- All's Well That Ends Well
This production elevated Shakespeare's comedy into an intense drama of great emotional power. A strong sense of personal development in Helena and Bertram gave added weight to their final reconciliation. On the surface, this was a simple, straightforward production, with few obvious concepts, but the overall effect was unexpectedly serious for a play usually performed with a lighter touch.
The set featured marble-like columns, joined together by platforms that stretched across the back of the stage. These platforms served as benches to sit on, as well as a place for the actors to stand. Indoor scenes [End Page 113] were often staged in the rectangular space, behind the platforms. The elegance of the design was consistent with the interior or exterior of a noble house. Plaintive French and Italian ballads were sung on stage by two male "street singers" and added to the serious tone of the play. A translucent backdrop helped convey a sense of place. For example, when Helena arrived in Florence, the backdrop showed the recognizable skyline of Florence, complete with the Medici Duomo.
Helena's journey and the struggle to fulfill the seemingly impossible commands of the husband who deserted her became a process of self-realization rather than a riddle simply to be solved. And in the end, Bertram must also prove worthy, not only for his own sake and Helena's, but also, for the people around him. The older generation—Bertram's mother, and his surrogate father, the King of France—had a stake in seeing the future realized through their children. Both the Countess and the King elevated deserving maidens, Helena and Diana, because their society needed lawful wives and legitimate heirs. This production reinforced that concern by the tragic pregnancies of Isbel and Mariana. In 1.3, when Lavatch, clown to the Countess, spoke of his "flesh and blood" and his desire to marry, Isbel appeared in front of them, heavy with child. But in 3.2, when Lavatch returned from the French court, he had lost interest in Isbel, and she appeared again, her face contorted with tears and distress. In Florence, the Widow's neighbor, Mariana, held a child in her arms, as she warned Diana of the "misery . . . that so terrible shows in the wrack of maidenhood." Mariana's tragic attitude implied that her baby was illegitimate.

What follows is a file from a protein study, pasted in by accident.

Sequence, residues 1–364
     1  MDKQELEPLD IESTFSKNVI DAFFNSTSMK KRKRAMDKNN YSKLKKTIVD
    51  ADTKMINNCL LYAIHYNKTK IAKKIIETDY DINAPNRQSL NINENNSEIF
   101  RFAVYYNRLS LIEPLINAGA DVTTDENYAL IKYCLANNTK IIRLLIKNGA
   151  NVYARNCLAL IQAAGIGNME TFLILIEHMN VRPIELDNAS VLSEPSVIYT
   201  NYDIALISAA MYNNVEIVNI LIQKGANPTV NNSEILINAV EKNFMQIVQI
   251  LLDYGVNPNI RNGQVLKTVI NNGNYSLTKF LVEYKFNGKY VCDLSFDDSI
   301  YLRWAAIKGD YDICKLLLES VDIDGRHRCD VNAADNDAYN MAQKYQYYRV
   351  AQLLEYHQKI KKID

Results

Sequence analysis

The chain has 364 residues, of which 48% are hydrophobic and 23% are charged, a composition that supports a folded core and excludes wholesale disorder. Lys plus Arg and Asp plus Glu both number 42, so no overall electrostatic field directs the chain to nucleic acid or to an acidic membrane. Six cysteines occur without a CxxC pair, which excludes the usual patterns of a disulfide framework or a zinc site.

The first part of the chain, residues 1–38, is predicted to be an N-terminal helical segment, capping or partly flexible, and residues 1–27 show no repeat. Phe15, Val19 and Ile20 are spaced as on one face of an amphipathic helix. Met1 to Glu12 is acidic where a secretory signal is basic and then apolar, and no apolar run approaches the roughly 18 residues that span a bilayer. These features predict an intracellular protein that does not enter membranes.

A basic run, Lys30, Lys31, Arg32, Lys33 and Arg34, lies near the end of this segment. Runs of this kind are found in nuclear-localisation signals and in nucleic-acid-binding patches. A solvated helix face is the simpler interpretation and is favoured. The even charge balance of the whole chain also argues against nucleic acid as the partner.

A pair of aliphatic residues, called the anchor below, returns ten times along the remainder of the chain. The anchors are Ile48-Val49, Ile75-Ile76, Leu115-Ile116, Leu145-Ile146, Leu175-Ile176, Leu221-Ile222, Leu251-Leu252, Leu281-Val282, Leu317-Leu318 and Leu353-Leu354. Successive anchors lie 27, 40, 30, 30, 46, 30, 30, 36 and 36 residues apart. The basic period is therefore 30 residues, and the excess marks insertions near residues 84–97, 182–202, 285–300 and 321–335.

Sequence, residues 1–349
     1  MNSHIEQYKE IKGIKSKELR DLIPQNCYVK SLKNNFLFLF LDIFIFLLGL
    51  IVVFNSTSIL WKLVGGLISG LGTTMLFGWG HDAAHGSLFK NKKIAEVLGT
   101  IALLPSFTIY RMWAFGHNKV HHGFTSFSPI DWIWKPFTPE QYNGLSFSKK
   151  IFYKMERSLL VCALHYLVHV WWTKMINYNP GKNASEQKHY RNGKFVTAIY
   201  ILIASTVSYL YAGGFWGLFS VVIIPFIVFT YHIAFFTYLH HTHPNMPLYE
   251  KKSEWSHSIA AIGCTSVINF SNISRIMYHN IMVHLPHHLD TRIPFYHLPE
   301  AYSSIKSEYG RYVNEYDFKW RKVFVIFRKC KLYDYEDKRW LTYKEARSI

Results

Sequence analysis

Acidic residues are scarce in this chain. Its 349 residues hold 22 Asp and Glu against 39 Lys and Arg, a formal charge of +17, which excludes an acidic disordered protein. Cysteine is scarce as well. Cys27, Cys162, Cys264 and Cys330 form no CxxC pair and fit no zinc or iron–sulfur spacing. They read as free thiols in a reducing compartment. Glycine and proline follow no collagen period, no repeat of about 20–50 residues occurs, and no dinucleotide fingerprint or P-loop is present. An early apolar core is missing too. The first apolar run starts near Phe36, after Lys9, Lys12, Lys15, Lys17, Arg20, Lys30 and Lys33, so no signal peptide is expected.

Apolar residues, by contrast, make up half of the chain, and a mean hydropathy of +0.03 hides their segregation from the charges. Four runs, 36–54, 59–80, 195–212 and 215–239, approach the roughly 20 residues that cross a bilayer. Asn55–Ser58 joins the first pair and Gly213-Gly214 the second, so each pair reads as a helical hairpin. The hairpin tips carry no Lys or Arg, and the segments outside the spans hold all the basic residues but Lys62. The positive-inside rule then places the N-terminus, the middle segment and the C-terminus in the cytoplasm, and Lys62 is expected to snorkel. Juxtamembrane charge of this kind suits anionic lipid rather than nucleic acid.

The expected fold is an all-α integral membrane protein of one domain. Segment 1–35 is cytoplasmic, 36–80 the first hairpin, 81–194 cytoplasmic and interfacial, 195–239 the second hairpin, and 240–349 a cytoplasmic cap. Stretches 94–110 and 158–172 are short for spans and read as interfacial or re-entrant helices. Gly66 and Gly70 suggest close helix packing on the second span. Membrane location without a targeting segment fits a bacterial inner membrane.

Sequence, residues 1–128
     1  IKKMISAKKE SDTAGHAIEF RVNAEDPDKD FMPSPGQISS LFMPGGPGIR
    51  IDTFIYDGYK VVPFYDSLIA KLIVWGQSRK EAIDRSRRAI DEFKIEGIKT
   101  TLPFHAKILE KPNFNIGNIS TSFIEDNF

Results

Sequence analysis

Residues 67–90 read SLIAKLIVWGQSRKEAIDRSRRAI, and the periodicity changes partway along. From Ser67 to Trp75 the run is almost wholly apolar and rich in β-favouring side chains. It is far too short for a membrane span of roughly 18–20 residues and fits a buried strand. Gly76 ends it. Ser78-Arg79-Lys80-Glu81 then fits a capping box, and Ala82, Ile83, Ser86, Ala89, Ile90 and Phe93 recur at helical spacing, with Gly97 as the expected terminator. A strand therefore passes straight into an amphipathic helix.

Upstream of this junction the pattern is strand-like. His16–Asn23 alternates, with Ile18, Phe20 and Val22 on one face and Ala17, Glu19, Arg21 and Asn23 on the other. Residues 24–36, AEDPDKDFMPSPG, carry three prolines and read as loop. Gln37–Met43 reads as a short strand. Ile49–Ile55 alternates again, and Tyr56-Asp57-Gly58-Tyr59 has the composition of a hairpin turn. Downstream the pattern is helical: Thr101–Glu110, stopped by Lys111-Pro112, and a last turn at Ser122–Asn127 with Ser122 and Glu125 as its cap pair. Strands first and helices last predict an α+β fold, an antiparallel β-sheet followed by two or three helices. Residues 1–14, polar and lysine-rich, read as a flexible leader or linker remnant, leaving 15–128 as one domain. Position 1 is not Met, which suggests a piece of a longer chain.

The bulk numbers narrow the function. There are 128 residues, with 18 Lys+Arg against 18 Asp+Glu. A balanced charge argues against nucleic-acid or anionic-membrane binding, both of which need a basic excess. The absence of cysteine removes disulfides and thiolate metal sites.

These examples of ruined virginity added weight to the Widow's concern for her daughter, and their desperate need for a dowry. When Helena paid the Widow in 3.7, and promised her another "three thousand crowns" for Diana's help in tricking Bertram, the Widow seemed more prudent than mercenary. In retrospect, Helena's rhetorical contest with Parolles in 1.1, concerning the defense of virginity, now seemed more significant, and Bertram's attempt to seduce Diana more sinful and dangerous. This production implied a feminist conspiracy to defend the honest virgins, Helena and Diana, from the masculine designs of Bertram and Parolles. In 2.3, when Parolles helped convince Bertram to abandon Helena, and go "to th' wars!", the two men shared a bottle of whiskey. And in 3.7, when the Widow agreed to help Helena, the two women sealed their bargain with a drink.
But Helena needed more than just the Widow and Diana. This production emphasized the way all levels of society helped Helena and Bertram to...